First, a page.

Department of Sociology & Social Policy,
Topic: Creating an enabling environment for early childhood development in Hong Kong
This study aims to investigate the mediating roles of parental investment and parental distress in the link between poverty and children’s cognitive development (including attention and executive functioning, language (Cantonese and English), memory and learning, and visuospatial processing). The analysis is based on a cross-sectional study derived from 167 preschool children (aged 36 to 47 months) who have completed neurocognitive assessment with their parent questionnaire in the 2019/2020 academic year. Empirical evidence supports that parental time investment and quality child-parent interactions generate stronger effects than household income on early child cognitive development. It is therefore crucial for parents to build up a good relationship and maintain quality interactions with their children, which is believed to create positive impacts on children’s early cognitive development and social behaviour. The findings from this research inform policies in relation to the advocacy of maximum working hours, flexible work-life balance arrangements, quality parenting, accessibility of childcare services enabling parents to engage in learning-related activities with their children.
Research Associate Professor,
School of Graduate Studies and the Institute of Policy Studies,
Topic: Food and nutritional security of Unorganized sector migrants during COVID-19 lockdown in India
The sudden nationwide complete lockdown announced on March 24 2020 in India, and its three extensions had a devastating effect on the livelihoods of millions of migrant workers in the informal sector in India. The migrants experienced severe distress due to loss of employment, lack of disposable income, lack of social security, and the resulting food insecurity, hunger, anxiety, and depression. Professor Shivakumar Jolad will discuss the results from our primary survey of migrant workers in Pune city India conducted from May- July 2020. The talk will deliberate on the social-economic distress characterised by the loss of livelihood and lack of savings and social security and its impact on the food and nutritional security of migrant workers and their families. Professor Shivakumar Jolad will highlight the challenges in accessing food subsidy by migrants, the inadequacy of aid and government response in addressing the crisis. Long term implications of the migrant crisis on poverty, hunger, and health will also be discussed. Finally, recommendations to avert a food security crisis will be discussed.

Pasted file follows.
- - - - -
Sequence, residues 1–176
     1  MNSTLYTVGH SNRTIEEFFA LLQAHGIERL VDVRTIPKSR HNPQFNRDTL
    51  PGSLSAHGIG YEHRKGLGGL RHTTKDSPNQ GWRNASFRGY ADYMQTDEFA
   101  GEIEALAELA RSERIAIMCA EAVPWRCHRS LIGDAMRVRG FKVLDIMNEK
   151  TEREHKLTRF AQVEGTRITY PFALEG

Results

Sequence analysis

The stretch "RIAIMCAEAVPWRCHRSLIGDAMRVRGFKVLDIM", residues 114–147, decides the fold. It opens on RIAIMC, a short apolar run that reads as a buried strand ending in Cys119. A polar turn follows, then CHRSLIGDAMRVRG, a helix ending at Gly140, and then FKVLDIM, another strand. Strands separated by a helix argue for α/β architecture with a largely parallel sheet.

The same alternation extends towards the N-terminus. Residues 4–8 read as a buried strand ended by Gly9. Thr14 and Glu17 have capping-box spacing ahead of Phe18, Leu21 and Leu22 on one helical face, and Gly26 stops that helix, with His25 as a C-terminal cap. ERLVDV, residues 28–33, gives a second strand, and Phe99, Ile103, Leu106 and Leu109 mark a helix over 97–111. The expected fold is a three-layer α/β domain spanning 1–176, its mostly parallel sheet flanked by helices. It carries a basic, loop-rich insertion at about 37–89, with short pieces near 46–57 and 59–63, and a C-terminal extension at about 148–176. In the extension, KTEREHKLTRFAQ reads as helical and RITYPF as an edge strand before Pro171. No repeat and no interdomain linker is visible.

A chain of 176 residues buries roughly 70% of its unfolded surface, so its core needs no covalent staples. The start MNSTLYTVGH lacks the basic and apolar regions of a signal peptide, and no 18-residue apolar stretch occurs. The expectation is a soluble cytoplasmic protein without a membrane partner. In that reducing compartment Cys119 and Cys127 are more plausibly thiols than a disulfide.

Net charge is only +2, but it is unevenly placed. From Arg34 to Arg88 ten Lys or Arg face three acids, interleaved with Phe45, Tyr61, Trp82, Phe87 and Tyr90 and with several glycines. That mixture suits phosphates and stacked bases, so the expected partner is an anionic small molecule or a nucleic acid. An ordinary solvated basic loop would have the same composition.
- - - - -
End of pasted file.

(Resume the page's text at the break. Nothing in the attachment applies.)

Associate Professor from Public Policy,